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According to The State of Zero Trust 2022 report from Okta, only 16 percent of companies surveyed in 2019 planned to have a zero trust initiative in place. Today, that number is 97 percent. However, only 55 percent have actually initiated a plan. Many IT and security professionals often dread the tedious process of federal government bureaucracy. If you’re a chief information or chief information security officer (CIO or CISO) for a federal agency, supplier, or regulated private sector firm, the list of required cybersecurity rules can seem endless and unchanging. White House Executive Orders, FedRAMP requirements, CISA Binding Operational Directives, NIST guidelines, FISMA modernization mandates – and a legion of Inspector Generals line up at the door to deliver fines, censures, and penalties for non-compliance. Federal civilian executive branch agencies are all tasked with creating and using a zero-trust architecture (ZTA).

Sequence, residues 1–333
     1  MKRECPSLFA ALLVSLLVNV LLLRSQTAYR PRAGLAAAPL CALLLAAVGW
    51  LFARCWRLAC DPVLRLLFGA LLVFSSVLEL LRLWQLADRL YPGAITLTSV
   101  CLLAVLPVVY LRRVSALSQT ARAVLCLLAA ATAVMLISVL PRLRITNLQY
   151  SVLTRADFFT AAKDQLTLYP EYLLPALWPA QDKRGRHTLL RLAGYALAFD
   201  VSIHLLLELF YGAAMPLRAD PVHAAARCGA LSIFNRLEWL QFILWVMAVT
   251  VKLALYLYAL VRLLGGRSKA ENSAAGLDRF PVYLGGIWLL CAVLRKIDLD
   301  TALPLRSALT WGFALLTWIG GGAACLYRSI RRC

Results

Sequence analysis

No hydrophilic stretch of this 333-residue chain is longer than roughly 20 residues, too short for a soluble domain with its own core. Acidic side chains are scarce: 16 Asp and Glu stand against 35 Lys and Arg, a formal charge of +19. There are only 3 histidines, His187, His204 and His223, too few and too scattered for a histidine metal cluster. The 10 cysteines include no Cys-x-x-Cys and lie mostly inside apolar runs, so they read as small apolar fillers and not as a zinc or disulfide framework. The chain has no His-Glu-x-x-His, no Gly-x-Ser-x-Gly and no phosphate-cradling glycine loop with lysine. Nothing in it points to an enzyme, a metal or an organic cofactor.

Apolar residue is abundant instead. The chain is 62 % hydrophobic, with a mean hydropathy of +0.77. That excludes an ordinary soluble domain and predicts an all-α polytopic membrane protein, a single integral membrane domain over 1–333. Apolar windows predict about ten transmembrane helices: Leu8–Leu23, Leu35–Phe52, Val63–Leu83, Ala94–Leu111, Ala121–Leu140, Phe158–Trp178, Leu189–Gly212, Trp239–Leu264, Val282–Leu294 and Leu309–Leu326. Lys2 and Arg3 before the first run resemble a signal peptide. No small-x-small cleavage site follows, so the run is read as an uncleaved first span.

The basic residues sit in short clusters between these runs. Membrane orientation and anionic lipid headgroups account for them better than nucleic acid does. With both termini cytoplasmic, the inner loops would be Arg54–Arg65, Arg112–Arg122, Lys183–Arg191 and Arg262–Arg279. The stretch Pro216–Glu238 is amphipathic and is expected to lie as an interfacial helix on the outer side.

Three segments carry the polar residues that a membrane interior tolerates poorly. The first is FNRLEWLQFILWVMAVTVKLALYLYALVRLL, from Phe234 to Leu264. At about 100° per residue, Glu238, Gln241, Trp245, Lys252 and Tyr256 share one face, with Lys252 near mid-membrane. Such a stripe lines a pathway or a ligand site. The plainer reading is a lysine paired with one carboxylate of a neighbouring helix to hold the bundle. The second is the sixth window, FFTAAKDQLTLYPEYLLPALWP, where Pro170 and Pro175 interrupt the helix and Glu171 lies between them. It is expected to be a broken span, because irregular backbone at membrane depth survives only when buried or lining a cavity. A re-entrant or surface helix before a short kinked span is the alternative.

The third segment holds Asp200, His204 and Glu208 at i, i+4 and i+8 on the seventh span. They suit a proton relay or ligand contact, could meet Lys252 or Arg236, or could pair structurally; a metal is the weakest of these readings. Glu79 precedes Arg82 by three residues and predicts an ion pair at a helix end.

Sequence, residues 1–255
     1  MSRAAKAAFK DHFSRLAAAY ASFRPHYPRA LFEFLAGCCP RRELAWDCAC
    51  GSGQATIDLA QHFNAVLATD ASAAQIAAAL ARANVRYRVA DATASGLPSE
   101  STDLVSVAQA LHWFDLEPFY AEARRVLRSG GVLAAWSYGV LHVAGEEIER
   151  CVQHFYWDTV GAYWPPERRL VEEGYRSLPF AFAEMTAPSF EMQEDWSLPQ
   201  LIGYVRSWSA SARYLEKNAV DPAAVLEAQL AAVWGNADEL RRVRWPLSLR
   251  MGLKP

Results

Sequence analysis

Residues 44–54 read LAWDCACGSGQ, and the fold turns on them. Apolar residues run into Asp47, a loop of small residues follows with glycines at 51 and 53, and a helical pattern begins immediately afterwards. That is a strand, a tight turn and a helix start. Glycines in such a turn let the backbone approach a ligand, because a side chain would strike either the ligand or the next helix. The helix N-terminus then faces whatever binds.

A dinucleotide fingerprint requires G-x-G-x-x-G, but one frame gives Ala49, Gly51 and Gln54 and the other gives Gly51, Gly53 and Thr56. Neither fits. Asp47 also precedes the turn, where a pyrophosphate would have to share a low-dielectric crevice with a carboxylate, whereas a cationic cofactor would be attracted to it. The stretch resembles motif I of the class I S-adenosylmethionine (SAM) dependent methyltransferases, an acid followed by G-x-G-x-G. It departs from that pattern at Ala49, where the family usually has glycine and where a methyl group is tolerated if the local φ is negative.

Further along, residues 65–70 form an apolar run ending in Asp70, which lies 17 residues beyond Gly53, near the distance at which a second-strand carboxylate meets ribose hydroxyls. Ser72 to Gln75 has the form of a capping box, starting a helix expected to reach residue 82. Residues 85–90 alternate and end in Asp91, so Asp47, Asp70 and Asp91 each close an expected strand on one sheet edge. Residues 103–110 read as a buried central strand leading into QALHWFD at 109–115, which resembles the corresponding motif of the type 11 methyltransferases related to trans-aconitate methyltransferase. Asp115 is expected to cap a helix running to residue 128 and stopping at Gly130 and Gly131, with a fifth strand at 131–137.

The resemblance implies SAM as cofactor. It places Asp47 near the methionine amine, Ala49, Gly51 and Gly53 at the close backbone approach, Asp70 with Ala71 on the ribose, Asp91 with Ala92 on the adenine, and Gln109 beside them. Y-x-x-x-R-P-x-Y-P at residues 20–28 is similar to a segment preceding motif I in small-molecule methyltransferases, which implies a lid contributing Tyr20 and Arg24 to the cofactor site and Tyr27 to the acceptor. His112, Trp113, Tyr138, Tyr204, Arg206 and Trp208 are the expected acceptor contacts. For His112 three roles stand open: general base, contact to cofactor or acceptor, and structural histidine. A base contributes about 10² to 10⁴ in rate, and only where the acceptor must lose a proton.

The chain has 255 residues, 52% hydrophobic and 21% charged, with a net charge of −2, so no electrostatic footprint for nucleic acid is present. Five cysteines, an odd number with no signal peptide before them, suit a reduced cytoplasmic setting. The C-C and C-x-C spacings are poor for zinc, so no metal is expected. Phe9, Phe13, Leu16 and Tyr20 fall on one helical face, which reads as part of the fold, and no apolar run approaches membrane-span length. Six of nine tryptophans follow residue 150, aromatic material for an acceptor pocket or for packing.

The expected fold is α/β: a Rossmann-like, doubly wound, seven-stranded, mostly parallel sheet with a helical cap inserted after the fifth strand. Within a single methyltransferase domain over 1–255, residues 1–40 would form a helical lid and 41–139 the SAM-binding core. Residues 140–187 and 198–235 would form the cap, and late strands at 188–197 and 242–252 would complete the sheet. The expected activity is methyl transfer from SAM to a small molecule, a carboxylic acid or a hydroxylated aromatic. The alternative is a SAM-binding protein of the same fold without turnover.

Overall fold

This Qualys Zero Trust whitepaper offers details about Cybersecurity and Infrastructure Security Agency (CISA) Zero Trust Maturity Model Version 2.0, The Department of Defense (DoD) Zero Trust Reference Architecture, and the National Institute of Standards and Technology (NIST) Zero Trust Architecture from special publication (SP) 800-207. In this white paper you’ll learn answers to these questions: